NCI – the measurement choice – its consequences and the reason WHY!

Why are there two methods of measuring NCI (one at fair value and the other as a proportion of net assets) and what are the consequences?

Ultimately the reason why there is a choice in the measurement of NCI at acquisition and therefore the measurement of goodwill is because the standard says so!

From a framework perspective this choice is I think unsatisfactory because it reduces comparability for users. It’s also hard for them to understand. For these reasons the choice reduces the usefulness of information for stakeholders.

The historical background is that the standard was produced at a time when there were attempts to converge and harmonise international accounting standards with US GAAP. Traditionally international accounting standards had used the proportional method where as US GAAP had used the fair value method. By the standard allowing both it results in a compromise that all parties were happy with.

The most important thing though, is to appreciate the consequences of this choice.

When NCI is at fair value goodwill is in full and therefore any impairment loss relating to the goodwill is split between the group retained earnings and the NCI in the proportion that profits and losses are shared between the parent and the NCI. On the other hand when NCI is a proportion of net assets the goodwill is wholly attributable to the parent company only and therefore all impairment losses are charged to the group retained earnings. The same principle is true when it comes to exchange differences on goodwill as well.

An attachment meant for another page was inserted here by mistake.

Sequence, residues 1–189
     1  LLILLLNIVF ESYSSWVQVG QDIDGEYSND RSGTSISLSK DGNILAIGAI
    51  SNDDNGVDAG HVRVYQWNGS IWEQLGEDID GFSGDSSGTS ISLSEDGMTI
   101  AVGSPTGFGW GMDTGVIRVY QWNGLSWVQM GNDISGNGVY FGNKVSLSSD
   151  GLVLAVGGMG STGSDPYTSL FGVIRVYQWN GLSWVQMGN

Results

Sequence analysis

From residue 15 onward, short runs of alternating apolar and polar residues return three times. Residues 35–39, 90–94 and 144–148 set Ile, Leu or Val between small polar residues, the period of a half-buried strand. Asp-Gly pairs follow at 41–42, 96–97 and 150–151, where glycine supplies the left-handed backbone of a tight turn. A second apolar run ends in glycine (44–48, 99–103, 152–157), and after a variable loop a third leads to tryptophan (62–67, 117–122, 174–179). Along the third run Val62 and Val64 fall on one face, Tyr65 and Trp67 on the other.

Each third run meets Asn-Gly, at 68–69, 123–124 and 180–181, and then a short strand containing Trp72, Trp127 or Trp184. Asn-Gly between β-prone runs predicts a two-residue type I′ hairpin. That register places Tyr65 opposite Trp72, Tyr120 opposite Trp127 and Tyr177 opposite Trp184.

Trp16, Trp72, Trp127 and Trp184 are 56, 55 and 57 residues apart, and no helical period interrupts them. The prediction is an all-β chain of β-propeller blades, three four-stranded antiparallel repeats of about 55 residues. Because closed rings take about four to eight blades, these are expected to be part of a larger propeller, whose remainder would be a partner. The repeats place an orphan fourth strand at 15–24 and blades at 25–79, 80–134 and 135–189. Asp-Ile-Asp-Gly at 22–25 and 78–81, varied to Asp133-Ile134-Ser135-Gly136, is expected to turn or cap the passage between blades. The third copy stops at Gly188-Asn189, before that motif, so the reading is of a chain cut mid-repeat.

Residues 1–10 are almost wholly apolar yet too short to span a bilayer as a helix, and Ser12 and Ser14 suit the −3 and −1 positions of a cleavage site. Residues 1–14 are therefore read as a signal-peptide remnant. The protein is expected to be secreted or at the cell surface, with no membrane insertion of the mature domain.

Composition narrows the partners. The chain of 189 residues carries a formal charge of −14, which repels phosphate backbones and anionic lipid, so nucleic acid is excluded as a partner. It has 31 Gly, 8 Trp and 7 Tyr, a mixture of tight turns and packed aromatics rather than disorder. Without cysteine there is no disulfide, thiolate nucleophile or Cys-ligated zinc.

Conceptually the use of the measurement of NCI at Fair Value is considered superior. This is because it is consistent in that all the other ingredients in the calculation of goodwill also at fair value. In addition it means that we are consolidating all of the goodwill of the subsidiary (not just a proportion) and reporting an NCI interest in that goodwill. This is again consistent with the way that we consolidate the other assets of the subsidiary. We consolidate all of the subsidiaries land and buildings for example and report an NCI in that asset as a result.

The consequences of measuring NCI at fair value do mean that there is a larger goodwill figure and this in turn will mean in due course there will be more impairment losses to be charged and therefore in future group profits will be potentially diminished.

There is another additional benefit of measuring NCI at fair value and therefore having full goodwill which is that, when you come to calculate the impairment loss arising there is no need to do the confusing and convoluted artificial grossing up of the goodwill in the impairment review process that is only necessary when you are calculating NCI as a proportion of net assets.

Tom Clendon is an online lecturer for ACCA SBR and welcomes student queries

Share this blog post